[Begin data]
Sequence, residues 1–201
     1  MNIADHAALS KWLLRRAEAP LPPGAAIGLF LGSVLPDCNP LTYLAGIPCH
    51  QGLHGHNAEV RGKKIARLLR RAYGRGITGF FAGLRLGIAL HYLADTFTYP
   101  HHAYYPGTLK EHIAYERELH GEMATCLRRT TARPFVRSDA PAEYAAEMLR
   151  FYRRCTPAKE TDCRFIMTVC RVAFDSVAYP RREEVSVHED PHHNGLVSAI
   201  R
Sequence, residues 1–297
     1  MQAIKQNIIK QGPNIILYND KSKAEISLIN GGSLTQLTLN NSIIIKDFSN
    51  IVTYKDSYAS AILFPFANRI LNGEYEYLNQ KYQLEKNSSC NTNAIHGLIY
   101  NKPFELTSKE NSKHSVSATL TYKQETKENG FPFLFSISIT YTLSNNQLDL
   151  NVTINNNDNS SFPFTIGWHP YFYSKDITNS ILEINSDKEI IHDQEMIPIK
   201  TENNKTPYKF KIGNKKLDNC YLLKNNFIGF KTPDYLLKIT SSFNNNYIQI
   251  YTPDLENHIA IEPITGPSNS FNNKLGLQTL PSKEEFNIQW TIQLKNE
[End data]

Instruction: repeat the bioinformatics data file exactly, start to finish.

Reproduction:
Sequence, residues 1–201
     1  MNIADHAALS KWLLRRAEAP LPPGAAIGLF LGSVLPDCNP LTYLAGIPCH
    51  QGLHGHNAEV RGKKIARLLR RAYGRGITGF FAGLRLGIAL HYLADTFTYP
   101  HHAYYPGTLK EHIAYERELH GEMATCLRRT TARPFVRSDA PAEYAAEMLR
   151  FYRRCTPAKE TDCRFIMTVC RVAFDSVAYP RREEVSVHED PHHNGLVSAI
   201  R
Sequence, residues 1–297
     1  MQAIKQNIIK QGPNIILYND KSKAEISLIN GGSLTQLTLN NSIIIKDFSN
    51  IVTYKDSYAS AILFPFANRI LNGEYEYLNQ KYQLEKNSSC NTNAIHGLIY
   101  NKPFELTSKE NSKHSVSATL TYKQETKENG FPFLFSISIT YTLSNNQLDL
   151  NVTINNNDNS SFPFTIGWHP YFYSKDITNS ILEINSDKEI IHDQEMIPIK
   201  TENNKTPYKF KIGNKKLDNC YLLKNNFIGF KTPDYLLKIT SSFNNNYIQI
   251  YTPDLENHIA IEPITGPSNS FNNKLGLQTL PSKEEFNIQW TIQLKNE